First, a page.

Publish Data Science Articles to the Web using Jupyter, Github and Kyso

Publish Data Science Articles to the Web using Jupyter, Github and Kyso

<strong>Combine these 3 tools to supercharge your DS&nbsp;workflow</strong>

Combine these 3 tools to supercharge your DS workflow

Data science is exploding, more and more organizations are using data to power, well, everything. But it can sometimes still be a little difficult to publish data-science based reports. This might be because the charts are interactive, or because you want a reproducible document, or because it can be difficult to move from the data-science tools to more readable formats.

In this article I’ll go through how using python in Jupyter notebooks, Github and Kyso we can go from getting some raw data to publishing an awesome chart to the web in a few minutes.

Let’s start analyzing some data

I start with assuming you have python3 installed — otherwise go to https://www.python.org/ and download it. Then let’s install Jupyterlab and the plotly extension for awesome interactive charts.

pip3 install jupyterlab
jupyter labextension install @jupyterlab/plotly-extension

Then let’s start Jupyterlab with

jupyter lab

And let’s download some data to play with, I’ve used the recent Eurobarometer data to see how many people in the EU identify with the EU flag, available here.

So now you should have Jupyter open — its a nice interactive place where you can type results and see the live output.

We can then start writing code in the first notebook cell!

import plotly
import pandas as pd
import plotly.graph_objs as go
import country_converter as coco
plotly.offline.init_notebook_mode(connected=True)

This will import all the libraries we need and setup Plotly up to render the chart inside the Jupyter notebook.

cols2skip = [0]
cols = [i for i in range(100) if i not in cols2skip]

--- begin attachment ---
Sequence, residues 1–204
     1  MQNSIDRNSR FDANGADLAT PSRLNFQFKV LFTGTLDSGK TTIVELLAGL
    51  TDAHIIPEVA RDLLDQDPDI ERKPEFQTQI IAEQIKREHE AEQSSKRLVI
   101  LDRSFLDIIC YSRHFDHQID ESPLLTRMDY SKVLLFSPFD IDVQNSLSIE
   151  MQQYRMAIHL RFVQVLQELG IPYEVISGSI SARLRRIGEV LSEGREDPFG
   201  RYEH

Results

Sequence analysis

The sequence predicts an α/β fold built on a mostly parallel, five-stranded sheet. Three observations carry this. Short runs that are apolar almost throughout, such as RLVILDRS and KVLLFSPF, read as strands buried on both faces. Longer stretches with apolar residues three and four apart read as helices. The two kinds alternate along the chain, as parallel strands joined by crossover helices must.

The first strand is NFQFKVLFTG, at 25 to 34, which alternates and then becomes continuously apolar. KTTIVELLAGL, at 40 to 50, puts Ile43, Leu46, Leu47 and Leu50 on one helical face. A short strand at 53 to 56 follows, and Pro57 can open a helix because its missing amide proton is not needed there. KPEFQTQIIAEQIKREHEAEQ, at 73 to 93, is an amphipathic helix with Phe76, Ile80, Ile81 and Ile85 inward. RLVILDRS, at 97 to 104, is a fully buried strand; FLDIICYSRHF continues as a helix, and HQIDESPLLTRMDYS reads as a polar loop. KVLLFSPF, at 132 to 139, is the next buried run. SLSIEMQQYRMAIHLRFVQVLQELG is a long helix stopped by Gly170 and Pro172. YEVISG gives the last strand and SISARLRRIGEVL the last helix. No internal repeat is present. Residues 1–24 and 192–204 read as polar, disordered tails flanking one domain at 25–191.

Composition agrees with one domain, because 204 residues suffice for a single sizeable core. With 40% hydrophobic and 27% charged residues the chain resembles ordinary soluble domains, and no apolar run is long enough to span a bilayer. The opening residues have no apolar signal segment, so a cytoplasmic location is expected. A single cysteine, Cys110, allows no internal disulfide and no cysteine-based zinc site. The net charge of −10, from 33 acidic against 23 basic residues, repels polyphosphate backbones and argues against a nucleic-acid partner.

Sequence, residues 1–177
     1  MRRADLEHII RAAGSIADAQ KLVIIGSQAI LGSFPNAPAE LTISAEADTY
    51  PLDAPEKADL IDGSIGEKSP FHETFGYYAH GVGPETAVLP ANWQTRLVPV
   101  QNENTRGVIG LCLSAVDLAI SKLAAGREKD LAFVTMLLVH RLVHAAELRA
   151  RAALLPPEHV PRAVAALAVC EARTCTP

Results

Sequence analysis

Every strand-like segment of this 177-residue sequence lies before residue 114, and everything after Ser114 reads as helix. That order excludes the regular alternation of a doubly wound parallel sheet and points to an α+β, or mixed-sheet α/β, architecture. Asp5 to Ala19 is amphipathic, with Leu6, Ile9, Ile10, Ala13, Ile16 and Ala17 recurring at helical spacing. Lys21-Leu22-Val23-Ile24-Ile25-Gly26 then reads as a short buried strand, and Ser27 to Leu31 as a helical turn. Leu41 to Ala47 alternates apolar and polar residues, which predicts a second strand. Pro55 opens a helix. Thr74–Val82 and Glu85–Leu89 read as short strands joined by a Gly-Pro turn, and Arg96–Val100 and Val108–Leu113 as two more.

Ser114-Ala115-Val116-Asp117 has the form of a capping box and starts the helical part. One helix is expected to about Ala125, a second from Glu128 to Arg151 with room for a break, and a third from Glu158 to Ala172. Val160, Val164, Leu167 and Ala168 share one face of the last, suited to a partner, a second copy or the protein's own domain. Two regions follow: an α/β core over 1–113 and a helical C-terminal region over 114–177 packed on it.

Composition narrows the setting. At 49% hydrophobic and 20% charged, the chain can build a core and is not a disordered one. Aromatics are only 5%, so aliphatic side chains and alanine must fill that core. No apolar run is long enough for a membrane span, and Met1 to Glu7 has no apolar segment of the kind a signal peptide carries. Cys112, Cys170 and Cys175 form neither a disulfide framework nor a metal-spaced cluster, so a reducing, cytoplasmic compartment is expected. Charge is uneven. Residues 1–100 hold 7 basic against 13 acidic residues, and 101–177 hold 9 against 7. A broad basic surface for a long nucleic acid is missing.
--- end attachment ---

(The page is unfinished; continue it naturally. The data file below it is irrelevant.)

df_raw = pd.read_excel('./eb_90_volume_A.xls', sheet_name="QD11.3", skiprows=8, usecols=cols)
df_raw.rename(columns={'UE28\nEU28':'EU28', 'UE28-UK\nEU28-UK':'EU28-UK' }, inplace=True)
df = df_raw.transpose()
df = df.rename(columns=df.iloc[0])
df = df.iloc[1:]
names = df.index.tolist()
names = ['GR' if (x == 'EL') else x for x in names]
names = ['GB' if (x == 'UK') else x for x in names]
iso3 = coco.convert(names=names, to='ISO3', not_found=None)

Then we can wrangle with the data and set it up for plotting, there’s not much to explain here, I came up with this code after a few minutes of playing around and examining the data-shape.

Finally, let’s plot the data:

data = [go.Choropleth(
    locations = iso3,
    z = df['Tend to agree'] * 100,
    text = iso3,
    locationmode="ISO-3",
    reversescale=True,
    colorscale="Blues",
    marker = go.choropleth.Marker(
        line = go.choropleth.marker.Line(
            color = 'rgb(0,0,0)',
            width = 0.5
        )),
    colorbar = go.choropleth.ColorBar(
        ticksuffix = '%',
        title = '% identify',
        len=0.5,
    ),
)]
layout = {
    "height": 700,
    "width": 700,
    "margin"
    : {"t": 0, "b": 0, "l": 0, "r": 0},
    "geo": {
        "lataxis": {"range": [36.0, 65.0]}, 
        "lonaxis": {"range": [-12.0, 36.0]}, 
        "projection": {"type": "transverse mercator"}, 
        "resolution": 50, 
        "showcoastlines": True, 
        "showframe": True, 
        "showcountries": True,
    }
}
fig = go.Figure(data = data, layout = layout)